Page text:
At a time when most government agencies are cutting and slashing, a little-known spy agency led by a Rhodes Scholar is the envy of Ottawa for its planned billion-dollar headquarters.
A rising force in the national-security apparatus, the Communications Security Establishment Canada (CSEC) is an electronic-eavesdropping agency that gathers intelligence from abroad. Led by 68-year-old military veteran John Adams, the agency keeps its operations quiet, reporting only to Canada's military and civilian leadership.
For the first time since he took over the agency in 2005, Mr. Adams has discussed CSEC's mission and future, which includes plans for an $880-million headquarters housing hundreds of mathematicians, engineers and computer scientists by 2015.
News of the planned 72,000 square-metre compound is raising eyebrows around the national capital, given few people outside of government know what CSEC is or what it does.
But "if you were to ask the Canadian Forces if there is anyone that has saved Canadian lives in Afghanistan, they would point to us," Mr. Adams told The Globe and Mail. He said that well over half of the "actionable intelligence" that soldiers use in Afghanistan comes from his agency.
This work is distinct from that done by a far better known spy agency -the Canadian Security Intelligence Service.
The difference between the two boils down to tradecraft and jurisdiction.
CSIS - Canada's human-intelligence, or "HumInt" agency - has its people and agents train their actual eyes and ears on security threats inside the country.
CSEC - the "signals-intelligence" or "SigInt" counterpart - relies almost wholly on technology to hear what people are saying abroad (spying on Canadians is illegal). Since being formed in the 1940s, this agency has rarely told anyone the fruits of its findings, save for its two masters - the Department of National Defence and the Privy Council Office.
On paper, the two agencies' mandates don't overlap, but in practise their operations are running together more than ever. That's why the new CSEC complex is being built next to CSIS' current headquarters - and why architects are planning to install a glass bridge connecting the two.
As envisioned, the seven-building CSEC complex will be the equivalent of a 90-storey skyscraper turned on its side - a highly secure compound outfitted with the latest high-tech gear. Two nearby electrical generating stations will power the agency's computers, which suck in millions of conversations from around the world each day and scour them for intelligence information.
CSEC's 1,700 staff and $300-million budget are double what they were a decade ago. Yet the agency's bricks-and-mortar surroundings have been neglected. Some staff complain that a wall-sized mainframe computer has even fallen through an old floor. The current complex, a scattering of Cold War-era buildings near Carleton University, can no longer suck enough energy off the grid to sustain operations.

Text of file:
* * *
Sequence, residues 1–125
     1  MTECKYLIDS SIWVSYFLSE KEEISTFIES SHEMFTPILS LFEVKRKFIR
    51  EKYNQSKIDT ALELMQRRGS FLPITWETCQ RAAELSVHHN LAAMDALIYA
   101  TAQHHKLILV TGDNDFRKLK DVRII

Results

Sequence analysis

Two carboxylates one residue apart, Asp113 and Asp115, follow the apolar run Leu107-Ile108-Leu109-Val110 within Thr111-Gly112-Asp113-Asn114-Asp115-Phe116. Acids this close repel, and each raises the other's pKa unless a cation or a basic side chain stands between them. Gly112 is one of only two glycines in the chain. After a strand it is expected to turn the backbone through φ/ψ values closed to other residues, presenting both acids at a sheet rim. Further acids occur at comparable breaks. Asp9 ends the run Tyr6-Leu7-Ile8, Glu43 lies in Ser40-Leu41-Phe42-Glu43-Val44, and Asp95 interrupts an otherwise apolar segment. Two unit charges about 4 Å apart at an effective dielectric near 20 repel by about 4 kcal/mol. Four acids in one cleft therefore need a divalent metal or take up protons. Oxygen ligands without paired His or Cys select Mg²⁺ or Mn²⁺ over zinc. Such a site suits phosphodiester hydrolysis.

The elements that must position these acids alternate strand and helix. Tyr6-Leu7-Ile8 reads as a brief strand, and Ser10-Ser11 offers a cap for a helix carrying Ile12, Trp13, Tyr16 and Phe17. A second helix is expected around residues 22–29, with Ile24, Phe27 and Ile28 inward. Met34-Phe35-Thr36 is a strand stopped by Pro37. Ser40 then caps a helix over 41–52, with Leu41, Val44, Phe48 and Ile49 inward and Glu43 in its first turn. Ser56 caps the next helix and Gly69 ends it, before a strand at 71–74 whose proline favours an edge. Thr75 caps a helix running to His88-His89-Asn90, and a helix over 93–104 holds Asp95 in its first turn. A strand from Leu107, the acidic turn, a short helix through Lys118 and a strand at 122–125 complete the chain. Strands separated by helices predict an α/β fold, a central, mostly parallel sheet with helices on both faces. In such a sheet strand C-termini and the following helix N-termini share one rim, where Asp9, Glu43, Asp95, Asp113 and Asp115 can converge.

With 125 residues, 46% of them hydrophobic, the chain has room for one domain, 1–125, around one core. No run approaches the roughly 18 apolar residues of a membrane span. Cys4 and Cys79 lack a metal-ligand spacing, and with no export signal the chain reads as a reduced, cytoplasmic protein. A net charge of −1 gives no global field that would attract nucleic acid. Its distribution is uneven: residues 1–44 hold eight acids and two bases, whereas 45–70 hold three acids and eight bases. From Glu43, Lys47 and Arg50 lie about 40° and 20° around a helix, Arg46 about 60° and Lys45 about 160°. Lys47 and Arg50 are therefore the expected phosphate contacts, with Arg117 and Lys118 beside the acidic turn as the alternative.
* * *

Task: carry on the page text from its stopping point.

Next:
"We've run out of power," said Mr. Adams, whose facilities use about as much energy as a small town. "We've got 700 people buried in a basement."
Now the plan is to bring staff out of their subterranean cloisters and into collaborative work spaces, ones where cryptologists and engineers work together in bright rooms surrounded by daylight and foliage.
The plan doesn't just envision $880-million in construction costs. According to a union representing CSEC employees, there is also a somewhat unique arrangement that will commit Ottawa to spend up to $5-billion more over the next 34 years. These costs are part of a "public-private partnership" - incorporating a complex mix of debt-servicing costs, standard-operating payments and an unusual facilities-management deal with a private consortium.
Still in the final stages of negotiation, the project will demand significant resources at a time when CSEC's parent organization - the Defence Department - hopes to slash thousands of jobs and a billion dollars from its budget. As a result, the secretive SigInt agency is finding itself under the unfamiliar glare of public scrutiny. "They put themselves in a goldfish bowl, building a building with that much, in these times," said John MacLennan, who heads the Union of National Defence Employees.
But Canadians need to understand how much raw data the spy agency handles - and how much more it's going to have to handle in the future, Mr. Adams argues. He makes a case that the new complex in Ottawa's East End is vital for national security.
Already, he said his staff process the informational equivalent of a WikiLeaks-sized data dump of State Department cables every day - or more transactions than all of Canada's big banks combined. His staff burn through megawatts of brainpower and electrical energy as their computers crunch unfathomable amounts of information.
Nothing is final, but the new headquarters is envisioned as a veritable puzzle palace for Canadian cryptographers. Part of the inspiration comes from high-tech companies, who have found that good things happen when staff are forced to work together - and when they play as hard as they work.